After months of speculation, the Nintendo Stream / Beem / Traybake / Café was today revealed to be known as the Wii U. Slightly underwhelming name, some might say, but it does its job. Whereas the Wii was all about social and multiplayer gaming (hence the "we" sound), the Wii U adds a completely new layer of gaming, so that users can also have the console all to themselves. How so? Let's talk.
The Wii U includes a brand new method of gaming on home consoles - via a 6.3 inch touch screen, complete with two joysticks and the full d-pad/ABXYRL array of buttons you'd expect. The console is fully backwards compatible with existing controllers for the Wii, including the balance board, and is completely ready for full HD gaming on your TV. It's also ready for non-HD gaming in the palm of your hand. That's right, the touch screen can be used as a controller / screen combination for playing games and streaming content.
One important thing to note is that it is not a handheld device in itself, as it needs the console to be in range of the controller, keeping everything wireless in the home. As one developer stated during the conference: you can go to bed, and continue playing games even without a TV.
The controller also includes a front facing camera and microphone which makes video chat possible, gyroscope and accelerometers for motion controlled gaming, as well as rumble functionality, a speaker and a headphone jack slot. Accessories will also be available for the new console, with an adapted Wii Zapper shown during Nintendo's conference, which latches the screen above the standard Wii remote to be used as a scope in-game.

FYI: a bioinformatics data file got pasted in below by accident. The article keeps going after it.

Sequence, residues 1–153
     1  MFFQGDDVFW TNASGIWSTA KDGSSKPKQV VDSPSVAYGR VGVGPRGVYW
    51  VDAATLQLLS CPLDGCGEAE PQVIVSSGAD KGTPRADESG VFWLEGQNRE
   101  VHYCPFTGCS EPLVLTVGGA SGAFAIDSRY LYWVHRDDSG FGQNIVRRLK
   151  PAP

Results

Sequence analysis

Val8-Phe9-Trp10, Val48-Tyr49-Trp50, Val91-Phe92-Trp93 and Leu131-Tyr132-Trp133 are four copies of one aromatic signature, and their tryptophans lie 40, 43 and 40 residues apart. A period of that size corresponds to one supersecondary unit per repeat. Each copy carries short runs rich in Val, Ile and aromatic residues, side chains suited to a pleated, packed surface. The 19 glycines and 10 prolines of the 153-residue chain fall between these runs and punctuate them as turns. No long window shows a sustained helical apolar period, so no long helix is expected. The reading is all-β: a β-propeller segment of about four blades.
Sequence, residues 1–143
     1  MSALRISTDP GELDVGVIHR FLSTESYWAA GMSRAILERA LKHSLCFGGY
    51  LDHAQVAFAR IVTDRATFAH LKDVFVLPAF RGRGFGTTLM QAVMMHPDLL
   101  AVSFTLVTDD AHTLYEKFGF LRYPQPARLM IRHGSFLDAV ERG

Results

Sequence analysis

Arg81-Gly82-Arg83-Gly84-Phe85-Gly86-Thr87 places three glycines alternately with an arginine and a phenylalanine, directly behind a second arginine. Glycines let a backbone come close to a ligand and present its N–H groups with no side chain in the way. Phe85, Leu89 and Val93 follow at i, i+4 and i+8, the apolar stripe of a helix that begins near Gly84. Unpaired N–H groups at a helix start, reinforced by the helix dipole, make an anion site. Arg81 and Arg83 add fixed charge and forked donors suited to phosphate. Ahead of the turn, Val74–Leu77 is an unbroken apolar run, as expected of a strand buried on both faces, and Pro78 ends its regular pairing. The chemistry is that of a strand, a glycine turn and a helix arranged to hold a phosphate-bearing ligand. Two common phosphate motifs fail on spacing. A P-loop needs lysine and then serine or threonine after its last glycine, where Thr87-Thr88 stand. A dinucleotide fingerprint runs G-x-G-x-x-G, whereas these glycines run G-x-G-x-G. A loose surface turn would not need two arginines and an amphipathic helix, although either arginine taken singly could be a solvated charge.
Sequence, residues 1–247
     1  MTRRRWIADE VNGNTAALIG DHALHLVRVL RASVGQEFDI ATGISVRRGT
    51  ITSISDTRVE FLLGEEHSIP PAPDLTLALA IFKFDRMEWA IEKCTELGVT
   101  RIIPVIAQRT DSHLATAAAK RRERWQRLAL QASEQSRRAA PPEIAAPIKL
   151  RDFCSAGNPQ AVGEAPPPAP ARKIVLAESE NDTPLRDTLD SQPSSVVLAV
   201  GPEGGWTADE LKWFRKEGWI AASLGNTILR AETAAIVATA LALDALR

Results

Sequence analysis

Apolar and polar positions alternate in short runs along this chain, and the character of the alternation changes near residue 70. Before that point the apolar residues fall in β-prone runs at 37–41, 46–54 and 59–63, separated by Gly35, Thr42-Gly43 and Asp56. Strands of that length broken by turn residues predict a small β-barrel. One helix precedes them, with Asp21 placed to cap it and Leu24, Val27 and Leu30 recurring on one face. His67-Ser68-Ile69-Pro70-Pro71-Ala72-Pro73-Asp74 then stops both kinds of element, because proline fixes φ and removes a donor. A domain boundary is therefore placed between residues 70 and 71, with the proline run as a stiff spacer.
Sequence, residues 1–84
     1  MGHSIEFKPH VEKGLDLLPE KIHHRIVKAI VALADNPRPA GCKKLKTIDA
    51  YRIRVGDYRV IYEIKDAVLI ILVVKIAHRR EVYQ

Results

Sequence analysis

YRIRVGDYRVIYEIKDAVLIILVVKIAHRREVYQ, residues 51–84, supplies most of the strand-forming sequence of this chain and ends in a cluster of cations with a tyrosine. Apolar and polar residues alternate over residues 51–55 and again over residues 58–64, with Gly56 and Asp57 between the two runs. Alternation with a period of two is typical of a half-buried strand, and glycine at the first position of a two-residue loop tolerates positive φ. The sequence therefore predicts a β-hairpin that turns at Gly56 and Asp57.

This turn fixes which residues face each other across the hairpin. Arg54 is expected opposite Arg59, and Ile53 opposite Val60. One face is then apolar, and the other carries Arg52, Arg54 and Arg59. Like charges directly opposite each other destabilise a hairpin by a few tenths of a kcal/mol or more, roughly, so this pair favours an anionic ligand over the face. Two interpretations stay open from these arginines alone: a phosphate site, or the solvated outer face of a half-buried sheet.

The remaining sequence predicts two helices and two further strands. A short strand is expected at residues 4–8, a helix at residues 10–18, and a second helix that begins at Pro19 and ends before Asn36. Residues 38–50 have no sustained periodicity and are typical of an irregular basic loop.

Most uses of the new controller were for the purpose of prototypes, with very few actual upcoming innovative uses of the controller being displayed during the show. Examples of how it could be used included an inventory in Zelda, as a visual aid for golf, showing the golf ball when placed on the floor, below your Wii remote "golf club", as a shield for deflecting arrows flying towards you, or as a means of flicking items onto the big screen. The controller could also be used as a way of browsing the internet, or playing a game at the same time as somebody else using the console on the TV themselves (presumably for WiiWare-type games, only).
It was great to see different developers all getting in on the action, especially with a variety of new core titles to make their debut on Nintendo systems. All the announced third party games are listed here, and include Battlefield, Assassins Creed, Ninja Gaiden and Tekken. Although the EA CEO John Riccitiello mentioned there would be a full online community and leaderboards in EA's Wii U games, little else was said about how online modes would work on the system.
The Wii U is expected some time next year, but dates and pricing aren't expected to be announced for some time yet.
Further hardware specifications
- 1.8 inches tall, 10.5 inches long, 6.8 inches wide
- 6.2 inch resistive touch screen
- Self loading media bay for 12-centimeter high-density 25GB optical discs & Wii games
- 1080p, 1080i, 720p, 480p & 480i via HDMI, component, S-video, composite
- Supports AV Multi Out connectors and six channel PCM linear output via HDMI
- No internal hard drive, but SD memory cards and external USB hard drives are supported. Unspecified internal flash memory
- Four USB 2.0 slots
- IBM Power-based multi core microprocessor
- Fully compatible with all existing Wii games and accessories
E3 2011 >